The lights are on
BioWare heads Ray Muzyka and Greg Zeschuk discuss the trials, tribulations, and successes born from their transition from independent developer to Electronic Arts employees in our first of three conversations with the illustrious developers.It's been about three years since your acquisition by Electronic Arts. How have your job responsibilities evolved since BioWare was incorporated?Ray: We have more studios now so there's about 800 folks in our group. And there's a couple new studios added – there's BioWare Montreal, and BioWare Mythic has been added to the group as well. They are all doing different things along with BioWare Edmonton and BioWare Austin, but they're all fulfilling the same vision ultimately of create, deliver and evolve the most emotionally engaging game experiences in the world – that's our group vision – and they are all doing different kinds of games that fulfill that. Lots of different products are in development at the the different studios. In some ways that's different; in some ways being a part of a larger company is different, because now we're interacting with the marketing, the sales orgs, the central groups, the executives, and taking part in some executive-level meetings as well as a part of a larger company. There's also more of a focus on the group strategy, but also at the end of the day we're just playing the games, giving feedback to the teams, helping them refine what they are building at the start of the process. We're playing a lot of the game along with a whole bunch of other people in the end and entering the bugs and giving high level feedback. We just have more games to play now I guess. Do you guys feel a little more removed from the creative process than you were before?Greg: Not necessarily. I think it's different, I mean we're not making content anymore. It's been years and years since we've done that anyways. So we started there and moved producing the projects and working very closely with other members of the team and we did eventually get to this executive producer job for a number of years where the teams did their stuff and we at a certain level would direct it. But I think what's happened now which is great is that the executive producing and product production jobs are now a part of the team – guys like Casey [Hudson] and Mark [Darrah] from Dragon Age – so we've kinda popped back up to a higher level. What we do now, as Ray said, we play the games a lot. We sit down, they start a project, and we all agree on the goals, and then we go off and kind of check in, play it, provide feedback. It's funny, the creative process for us it's in some ways creative on the company, creative on the way we make games, creative on how teams work, and portfolios. So it's more broad strokes. Greg: Yeah.Ray: Churning out portfolios, kind of covering the map with the different games you want to make, trying to understand what our consumers want to buy. We're seeing how it all fits together at a pretty high level, and at the end of the day you're still playing the games, too. We play our games, we finish them before we ship them, and try and understand the player experience so we can talk about it and give feedback on it. But at the end of the day we're a part of a much larger team, and that's really been the case for the last 10 years arguably, and certainly the last five to an increasingly greater degree as well. And that was well before EA. [PageBreak]At your GDC panel the other day, you mentioned BioWare's evolving business model. Can you expound upon the thought process as to why you're moving the direction you are?Ray: When we launch a game, it's a platform for further, continuous expansion and delivery of a service. You can monetize it a variety of ways. Whatever the fans want, how they want to play it, how they want to consume it – paid DLC, or episodic delivery, or micro transactions, or subscriptions. They are all valid and they can even work together sometimes. But we see our games as a franchise with a service orientation long term and we're investing in that. So it's got to be really high value, really high quality, and then if the fans buy it, we can make more and use telemetry and feedback to help guide what we make in the future. You have a vision for it, but you're also flexibly adjusting your plan based on what the fans say. I guess if you want to sum it up in one word it's a service orientation. That's really what we're building toward now with all of our games across all of the studios.Greg: What I think is interesting is that we've that perspective for a while now and that goes all the way back to the Neverwinter games with the modules and user-created content tools. Now it's becoming even more of a bigger focus for us in that the industry's in a sense almost caught up and the ways to release content have advanced to the point were, with the PlayStation Network and Xbox Live it's very easy to get stuff out and put it in front of fans to make them aware of it. So it's great for us because we already are oriented in that way so there's really not any significant transition. A traditional game developer would focus on, you know, throw it in a box and you're done. This mentality that we have now of the service business and that platform is great. When you guys were acquired by EA, the company was in a very different financial environment. Since then we've seen the stock struggle, the layoffs, and people questioning the leadership. Do you still feel like BioWare is sort of compartmentalized and protected from these company sea changes?Ray: One of our core values is entrepreneurship, and at the end of the day we have to be successful as a business in an ongoing, sustainable way. We also think about the quality of our products for our consumers and fans, and the quality of the workplace for our employees. The employees, customers, and investors – those are three core stakeholders we always have had, with the knowledge that we have to satisfy all three. This is no different as a part of EA. We're just now a pat of a public company so it's been illuminating to me in the three years we've been a part of this to really understand what it's like to be a publisher. We are a publisher now – the development division of a publisher but in the business unit I manage there's marketing, there's sales integration, there's development – there are all kinds of interesting things that are intersecting in the company and you really understand the economics of the publisher. A lot of things we didn't collectively understand very well as an independent developer, now we totally get them because we see it. We're managed on a profit and loss, we have an annual budget and it goes out next year and the year beyond. We have a five and ten year plan for the development division as well, but the budgeting is kind of in a three year cycle. We have to manage within that. Really, it's no different than what we had as an independent developer. In that sense it's not different, but it's also different in the sense that you're a part of the larger collective, and the share price is driven by our efforts but also the efforts of all of our peers, the guy that DICE, in LA, and Redwood Shores, and Tiburon and all the other great studios that are at EA. That's the relationship I was wondering about, because you almost always formerly seemed in control of your own destiny, and now if the other side of the ship starts sinking, that's your ship too. Ray: We've always been partnered with publishers, and frankly we've run into challenges at times with some of those partners. You know, Interplay is not really in the same form as it was when we were partnered with them, and Atari's gone through some transitions and Infogrames into Atari as well. We're partnered with LucasArts still, and they're still doing really good, and we're very happy to work with them on Star Wars: The Old Republic. Greg: We still are actually quite in control of our own destiny. That's the interesting thing about this. There's no doubt there tends to kind of be this kind of, maybe a sense of misconception that EA tells us to do things and we do it at times, but that's just not the case. The onus is on us to be the best place for EA to invest its dollars in the sense that if the parent company is the investor, where am I going to get my best return? So us and everyone else is striving for the same thing – to be the place that's profitable, that's making great games that has a foot in the present doing something really good but also in the future. So we really do feel like we are in control of our own destiny. That's one of the really interesting things about being a part of EA. It's probably a little bit different than how other places work within the business. Our SKU plan is our SKU plan; we're the ones who decide what we're going to publish and when. We're the ones that decide how we're going to take this pot of money and make the best possible result with it. And that's an exciting privilege. We don't have someone pass us a sheet that says deliver these games on these times with these criteria. We drive all that. Ray: The key to all of it is we have to be successful and that's no different than from being an independent. We have a budget that we have to operate within and we have a revenue goal and a profit goal. It's up to us to decide how that's allocated. Greg: It's like a really big puzzle game, and we're the ones playing it. I think the other thing that's really been interesting for us too is that, going back to Ray's comment about being a publisher, that's probably one of the biggest transitions mentally we had to make when joining EA because historically we always had a publisher in the background. We drove a lot of those decisions even though we worked with the publishing groups, but if there's anything kind of extra or something fell through the cracks they were kind of there to catch. Sometimes they caught it and sometimes they didn't catch it, but there was always someone there. The big transition for us was that's us now. Suddenly, there's no safety net. Ray: It's not without its challenges, but there are opportunities as well, and that's ultimately why we joined EA. It wasn't because we were looking to exit or cash out, but because we saw there was opportunities and this accelerated us toward where we wanted to go. First we were invested in by Elevation Partners in BioWare Pandemic, the company we were in before EA, and this actually took us further along the road map that we wanted to get to as a company. We pursued the investment with Elevation because we wanted to accelerate building an MMO in our Austin studio, we wanted to do more digital distribution, we wanted to do more self-funding,we wanted to drive toward publishing and so on and so forth. Being a part of EA allows us to do a lot of those things and be a part of a large company with a lot of stability and a lot of cash in the bank. There have been challenges in the last year as well, but a lot of really positive things too. We feel very supported. In the beginning you asked if we were safe from all the layoffs and so forth, and in the end, are you ever? The only way to really be safe is to continually deliver a great performance critically and commercially. We're only as good as our next game, and that's always true.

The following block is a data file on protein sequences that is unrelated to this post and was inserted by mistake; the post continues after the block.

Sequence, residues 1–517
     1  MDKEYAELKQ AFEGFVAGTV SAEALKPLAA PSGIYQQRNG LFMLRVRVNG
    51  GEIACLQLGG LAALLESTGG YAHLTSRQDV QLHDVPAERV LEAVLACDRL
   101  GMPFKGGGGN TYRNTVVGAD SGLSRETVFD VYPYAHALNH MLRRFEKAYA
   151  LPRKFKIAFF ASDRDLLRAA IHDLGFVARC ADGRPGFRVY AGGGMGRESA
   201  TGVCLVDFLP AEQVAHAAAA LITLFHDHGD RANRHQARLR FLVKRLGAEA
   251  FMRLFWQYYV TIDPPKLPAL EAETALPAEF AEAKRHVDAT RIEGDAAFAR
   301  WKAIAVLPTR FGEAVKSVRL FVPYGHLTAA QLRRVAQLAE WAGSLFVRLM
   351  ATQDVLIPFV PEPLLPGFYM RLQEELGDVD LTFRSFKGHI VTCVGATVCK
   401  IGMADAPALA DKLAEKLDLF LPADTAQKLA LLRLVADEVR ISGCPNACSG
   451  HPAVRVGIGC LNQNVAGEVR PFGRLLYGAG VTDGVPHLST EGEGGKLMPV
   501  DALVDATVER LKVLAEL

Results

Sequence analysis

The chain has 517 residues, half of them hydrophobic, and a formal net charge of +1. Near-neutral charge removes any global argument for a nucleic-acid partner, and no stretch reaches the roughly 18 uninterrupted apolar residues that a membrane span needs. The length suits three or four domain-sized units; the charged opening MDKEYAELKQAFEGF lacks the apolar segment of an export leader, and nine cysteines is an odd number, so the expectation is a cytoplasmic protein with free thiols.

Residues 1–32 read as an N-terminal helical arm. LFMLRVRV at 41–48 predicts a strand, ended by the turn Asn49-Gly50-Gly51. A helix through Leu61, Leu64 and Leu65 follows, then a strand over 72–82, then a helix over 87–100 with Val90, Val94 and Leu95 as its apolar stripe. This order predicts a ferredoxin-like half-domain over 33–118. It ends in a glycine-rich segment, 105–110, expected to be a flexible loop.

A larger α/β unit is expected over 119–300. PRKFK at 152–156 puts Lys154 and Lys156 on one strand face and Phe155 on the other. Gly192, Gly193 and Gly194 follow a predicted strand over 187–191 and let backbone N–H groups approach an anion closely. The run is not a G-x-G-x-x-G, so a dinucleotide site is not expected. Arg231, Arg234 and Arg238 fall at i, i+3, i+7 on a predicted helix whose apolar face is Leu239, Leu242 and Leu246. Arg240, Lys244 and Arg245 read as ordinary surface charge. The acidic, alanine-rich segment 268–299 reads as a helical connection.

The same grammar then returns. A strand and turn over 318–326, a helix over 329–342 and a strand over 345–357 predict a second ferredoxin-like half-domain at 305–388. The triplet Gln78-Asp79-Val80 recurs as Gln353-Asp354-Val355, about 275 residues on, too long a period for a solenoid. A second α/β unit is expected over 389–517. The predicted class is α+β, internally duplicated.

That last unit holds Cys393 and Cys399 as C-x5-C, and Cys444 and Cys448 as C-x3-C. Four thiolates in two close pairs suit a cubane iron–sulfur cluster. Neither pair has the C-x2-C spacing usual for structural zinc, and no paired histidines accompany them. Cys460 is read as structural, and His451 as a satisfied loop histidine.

Click here to read part two of our chat with the BioWare heads, where we discuss their view of where story stands in the gaming industry and what games they've recently played.